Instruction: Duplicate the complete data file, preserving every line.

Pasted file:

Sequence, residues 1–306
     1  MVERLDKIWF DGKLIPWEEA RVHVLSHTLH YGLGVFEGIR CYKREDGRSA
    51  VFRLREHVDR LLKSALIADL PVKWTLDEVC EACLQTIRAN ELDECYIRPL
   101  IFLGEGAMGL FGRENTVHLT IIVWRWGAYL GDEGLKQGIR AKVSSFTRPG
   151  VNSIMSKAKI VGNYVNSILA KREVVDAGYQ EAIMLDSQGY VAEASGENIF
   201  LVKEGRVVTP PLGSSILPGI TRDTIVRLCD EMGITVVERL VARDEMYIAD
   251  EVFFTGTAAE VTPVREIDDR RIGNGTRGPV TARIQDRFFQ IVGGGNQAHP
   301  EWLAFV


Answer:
Sequence, residues 1–306
     1  MVERLDKIWF DGKLIPWEEA RVHVLSHTLH YGLGVFEGIR CYKREDGRSA
    51  VFRLREHVDR LLKSALIADL PVKWTLDEVC EACLQTIRAN ELDECYIRPL
   101  IFLGEGAMGL FGRENTVHLT IIVWRWGAYL GDEGLKQGIR AKVSSFTRPG
   151  VNSIMSKAKI VGNYVNSILA KREVVDAGYQ EAIMLDSQGY VAEASGENIF
   201  LVKEGRVVTP PLGSSILPGI TRDTIVRLCD EMGITVVERL VARDEMYIAD
   251  EVFFTGTAAE VTPVREIDDR RIGNGTRGPV TARIQDRFFQ IVGGGNQAHP
   301  EWLAFV